Shaping Up

For his newest installation, Hooty Hoo, artist Matt Scobey turned to a medium we see every day while walking down the street: concrete. Inspired in part by the Proun art movement of the 1920s, Scobey’s wood-and-concrete installation will be on display through May inside of Fancy Tiger Clothing.

“For years I was obsessed with patterns and repetition,” says Scobey. “Bricks, diagonal lines, wavy lines, textile patterns were all sources of inspiration, and I was trying to develop a visual language by referencing these shapes and patterns in paintings and drawings. The concrete shapes used to create the installation for Fancy Tiger are a reference to that visual language and [an] attempt to evolve from a flat surface, hopefully addressing space and form in a new way.”

While the piece can be viewed as an installation inside the boutique, Scobey also wanted a way for people to take a part of the art home with them. For $35, visitors can purchase individual tiles that are part of the modular mural to hang on the wall or use as the foundation of their own installation at home. “In a way, we are all curators these days,” Scobey explains. “These platters are like tiny little pedestals for people to set a few objects on, a little personal display of sorts.”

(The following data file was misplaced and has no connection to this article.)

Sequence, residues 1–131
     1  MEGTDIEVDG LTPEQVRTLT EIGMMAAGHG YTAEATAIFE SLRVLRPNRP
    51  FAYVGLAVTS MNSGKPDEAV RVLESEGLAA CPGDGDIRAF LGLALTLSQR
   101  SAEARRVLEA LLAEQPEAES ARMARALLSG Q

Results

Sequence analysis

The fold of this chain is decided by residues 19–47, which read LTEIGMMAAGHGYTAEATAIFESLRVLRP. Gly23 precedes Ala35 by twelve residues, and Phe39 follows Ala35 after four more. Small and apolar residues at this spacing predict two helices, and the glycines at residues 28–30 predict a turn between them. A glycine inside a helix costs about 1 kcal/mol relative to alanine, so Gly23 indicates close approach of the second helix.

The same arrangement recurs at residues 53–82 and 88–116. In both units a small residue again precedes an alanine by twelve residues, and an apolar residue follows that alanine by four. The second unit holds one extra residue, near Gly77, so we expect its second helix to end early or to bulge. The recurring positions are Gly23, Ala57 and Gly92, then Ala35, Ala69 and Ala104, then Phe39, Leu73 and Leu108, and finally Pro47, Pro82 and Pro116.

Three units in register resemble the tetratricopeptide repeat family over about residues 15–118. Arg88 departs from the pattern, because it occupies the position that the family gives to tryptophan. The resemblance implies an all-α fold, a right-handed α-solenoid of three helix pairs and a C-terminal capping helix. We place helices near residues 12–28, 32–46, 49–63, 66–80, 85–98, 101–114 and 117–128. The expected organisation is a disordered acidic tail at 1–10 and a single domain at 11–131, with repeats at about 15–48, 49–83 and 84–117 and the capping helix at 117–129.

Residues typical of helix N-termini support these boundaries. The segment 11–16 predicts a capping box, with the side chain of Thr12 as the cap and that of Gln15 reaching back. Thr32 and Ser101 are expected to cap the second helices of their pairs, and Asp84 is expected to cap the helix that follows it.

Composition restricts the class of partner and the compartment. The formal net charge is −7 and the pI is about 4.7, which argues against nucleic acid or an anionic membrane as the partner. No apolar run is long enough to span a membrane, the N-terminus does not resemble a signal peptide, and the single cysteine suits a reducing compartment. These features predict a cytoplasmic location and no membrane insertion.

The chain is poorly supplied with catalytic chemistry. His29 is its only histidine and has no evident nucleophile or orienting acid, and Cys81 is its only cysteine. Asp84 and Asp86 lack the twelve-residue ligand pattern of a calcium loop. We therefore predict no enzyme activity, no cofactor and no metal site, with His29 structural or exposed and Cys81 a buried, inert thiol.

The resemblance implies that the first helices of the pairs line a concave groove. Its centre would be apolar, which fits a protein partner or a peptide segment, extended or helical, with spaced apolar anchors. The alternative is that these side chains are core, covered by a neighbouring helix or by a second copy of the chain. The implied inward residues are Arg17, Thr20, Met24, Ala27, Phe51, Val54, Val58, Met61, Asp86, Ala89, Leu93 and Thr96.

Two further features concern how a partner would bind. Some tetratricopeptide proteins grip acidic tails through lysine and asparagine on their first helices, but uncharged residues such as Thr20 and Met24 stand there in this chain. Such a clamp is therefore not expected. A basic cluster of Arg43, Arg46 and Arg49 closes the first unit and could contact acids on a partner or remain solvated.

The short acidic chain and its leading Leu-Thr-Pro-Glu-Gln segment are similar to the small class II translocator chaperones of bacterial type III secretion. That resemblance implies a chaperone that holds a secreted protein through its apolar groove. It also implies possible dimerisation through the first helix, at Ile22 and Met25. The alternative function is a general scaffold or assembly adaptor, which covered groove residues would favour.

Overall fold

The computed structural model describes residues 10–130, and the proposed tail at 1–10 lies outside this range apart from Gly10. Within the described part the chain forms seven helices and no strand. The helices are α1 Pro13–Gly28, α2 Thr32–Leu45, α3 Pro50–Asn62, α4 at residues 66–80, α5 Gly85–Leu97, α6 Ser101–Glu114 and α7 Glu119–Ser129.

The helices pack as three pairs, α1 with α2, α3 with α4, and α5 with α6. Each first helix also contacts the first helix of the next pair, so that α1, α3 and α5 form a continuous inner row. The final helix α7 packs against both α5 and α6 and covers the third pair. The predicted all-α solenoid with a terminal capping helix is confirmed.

Hooty Hoo — which is named after an OutKast track — opens tonight at Fancy Tiger, 55 Broadway, with a free reception from 6 to 9 p.m. For more information, visit
March 7-May 31, 2014